If we look closer to home, we also have to address a certain orthodoxy that presents a superficial and misleading, where it is not incorrect, account of what Dr. Hahnemann’s genius bequeathed to us. This so-called ‘classical’ account is itself a barrier to progress and integrating Hahnemann’s insights into a true Western healthcare system based on a science of vital nature and a dynamic physiology. Hahnemann’s system is a truly dynamic system based on polarities – of disease and remediation – that came to a head in what is known as the ‘Dual Remedy Affair’, a story that has been ignored where not suppressed. We have addressed this, based on the historical record, elsewhere as I have mentioned, and you have a review of it in your journal, but no one in the homeopathic community wants to or is willing to address it and its implications. We can criticize allopathic medicine with good reason, but we first need to look to the misrepresentations we have engendered and maintained, against all evidence (all set out for open viewing at www.homeopathiceducation.com), regarding Hahnemann’s real system of medicine. It is this understanding that then allows us to connect Hahnemann with everything else going on in Romantic science and medicine, rather than simply seeing him as an erratic boulder. Hahnemann alone cannot provide a complete system of healthcare, but he is one of the two pillars of that system, if understood fully.
Once restored and properly set amidst the Romantic revolution, we can then begin to overcome the disaster of the current medical model and replace it with a viable and compelling system, one that has the capacity to integrate all the various facets of the natural health movement into a true whole, and one in which Dr. Hahnemann’s genius plays a critical role.
AS: The core of Romanticism as you said, is the concept that life is the “cause and determination of inert nature”, rather than the effect of inert nature. As this is so central to creating a revolution in science and medicine, can you articulate this idea further?
RV: We live in a material age, so that we can only really interact with and comprehend the outer material forms of things, not with the living internal essence, or what Kant termed the ‘thing-in-itself’ (Ding-an-sich). And even then we can only approach the outer forms mechanically, either purely and directly as the ‘chance whirlings of unproductive particles’ (materialism) or in an adulterated and indirect way, by positing some mystical vital force that supposedly animates the forms (mysticism). Approaching nature mechanically certainly is productive when applied to its inert aspect, which can be reduced to various mechanical laws (celestial and telluric mechanics or physics).
However, the error made by the modern mind, dominated by the intellect and largely cut off from the participative noetic capacity of the ancients (wisdom), has been to presume that the outer form (physical or inert nature) is primary and also preferable because quantifiable (‘objective’), via mathematics. As a result, the qualities of a ‘thing’ are deemed secondary, and because not open to the intellect alone working via the laws of inert nature, considered as personal and a matter of opinion or belief (‘subjective’). Philosophically, the Kantian solution to the Cartesian split of the Western mind, between that realm open to the physical senses and that realm not similarly accessible (from which our pejorative meaning to the term ‘non-sense’ or nonsense), and its correlative split between mind and body, object and essence, was to formalize this split as irreconcilable, and seek to preserve the one for science or public knowledge while leaving the second for faith or personal experience. Both realms, for Kant, are equally valid, but only one is judged open to scientific endeavour.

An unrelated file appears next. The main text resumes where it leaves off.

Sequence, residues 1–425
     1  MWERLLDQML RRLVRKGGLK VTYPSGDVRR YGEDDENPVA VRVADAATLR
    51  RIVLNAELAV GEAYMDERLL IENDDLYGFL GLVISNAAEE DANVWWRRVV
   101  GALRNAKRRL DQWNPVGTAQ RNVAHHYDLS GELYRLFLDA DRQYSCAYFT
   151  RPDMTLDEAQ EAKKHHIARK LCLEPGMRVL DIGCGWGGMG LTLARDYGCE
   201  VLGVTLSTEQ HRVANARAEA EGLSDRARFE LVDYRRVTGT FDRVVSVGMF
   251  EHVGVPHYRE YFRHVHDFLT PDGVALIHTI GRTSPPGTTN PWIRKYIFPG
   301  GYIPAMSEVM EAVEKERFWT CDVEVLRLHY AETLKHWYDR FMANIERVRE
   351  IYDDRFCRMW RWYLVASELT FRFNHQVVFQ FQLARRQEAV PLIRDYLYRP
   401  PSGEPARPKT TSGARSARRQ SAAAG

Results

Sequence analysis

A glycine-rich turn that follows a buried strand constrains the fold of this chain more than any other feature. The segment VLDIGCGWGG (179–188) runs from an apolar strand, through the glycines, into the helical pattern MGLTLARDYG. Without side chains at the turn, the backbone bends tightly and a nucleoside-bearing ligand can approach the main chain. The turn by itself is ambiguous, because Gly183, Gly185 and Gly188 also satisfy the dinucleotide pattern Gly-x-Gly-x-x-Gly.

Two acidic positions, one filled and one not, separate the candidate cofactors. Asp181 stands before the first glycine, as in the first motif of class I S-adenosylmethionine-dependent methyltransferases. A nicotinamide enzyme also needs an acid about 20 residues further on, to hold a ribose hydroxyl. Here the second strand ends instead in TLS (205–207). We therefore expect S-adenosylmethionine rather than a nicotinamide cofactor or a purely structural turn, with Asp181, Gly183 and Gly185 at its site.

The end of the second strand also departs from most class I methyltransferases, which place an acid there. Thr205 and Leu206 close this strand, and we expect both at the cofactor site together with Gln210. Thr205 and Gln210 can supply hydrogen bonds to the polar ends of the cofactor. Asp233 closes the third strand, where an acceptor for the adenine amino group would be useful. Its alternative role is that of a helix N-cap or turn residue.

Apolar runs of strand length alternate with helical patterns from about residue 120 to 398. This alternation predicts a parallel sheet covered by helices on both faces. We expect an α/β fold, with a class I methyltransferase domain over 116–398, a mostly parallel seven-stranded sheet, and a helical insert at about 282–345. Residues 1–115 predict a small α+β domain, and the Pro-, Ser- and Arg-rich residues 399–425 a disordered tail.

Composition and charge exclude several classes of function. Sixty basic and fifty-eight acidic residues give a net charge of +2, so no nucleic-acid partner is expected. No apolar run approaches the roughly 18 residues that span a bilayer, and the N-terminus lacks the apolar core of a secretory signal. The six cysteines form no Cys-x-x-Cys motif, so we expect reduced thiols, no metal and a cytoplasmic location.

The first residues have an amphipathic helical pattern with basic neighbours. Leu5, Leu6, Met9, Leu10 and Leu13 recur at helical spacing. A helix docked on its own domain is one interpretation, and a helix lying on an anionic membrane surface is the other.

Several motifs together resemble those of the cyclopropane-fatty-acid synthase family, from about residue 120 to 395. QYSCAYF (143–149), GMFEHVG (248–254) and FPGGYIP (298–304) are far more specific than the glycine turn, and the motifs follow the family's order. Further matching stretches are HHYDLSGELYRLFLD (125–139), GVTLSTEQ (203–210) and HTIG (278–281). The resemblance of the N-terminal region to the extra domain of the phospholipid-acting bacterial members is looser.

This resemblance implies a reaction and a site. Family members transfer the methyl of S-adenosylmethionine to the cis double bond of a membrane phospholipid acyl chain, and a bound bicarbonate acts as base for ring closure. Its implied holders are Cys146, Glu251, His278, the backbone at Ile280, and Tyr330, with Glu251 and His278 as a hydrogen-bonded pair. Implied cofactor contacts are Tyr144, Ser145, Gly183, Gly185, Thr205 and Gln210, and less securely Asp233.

However, it is a science restricted to the laws and principles of inert nature and to the language of mathematics, based on the presumption that only knowledge of outer forms (matter) was valid and ‘scientific’ (‘objective’), the other type of knowledge being set aside as ‘occult’ (literally, outside what could be known). To the extent that qualities, such as consciousness, mind or life, exist, they are to be considered only the result of quantifiable aspects (inert nature), and their explication and understanding to be reduced to such aspects.
Where science is restricted to the science of inert nature, this results in a lack of any methodological approach to vital nature and living function, including the sub-sensible (dynamic) and super-sensible (spiritual) realms. Thus, the sphere of qualities has been reduced to a similar restriction, that of belief or religion (from the Latin ‘relegare’ meaning to tie or bind). This has set up in Western culture a false polarity and animosity between (material) science and religion, or between materialism and mysticism, with no room for a real science that encompasses all aspects of human experience, and most critically, the question of life, mind and consciousness.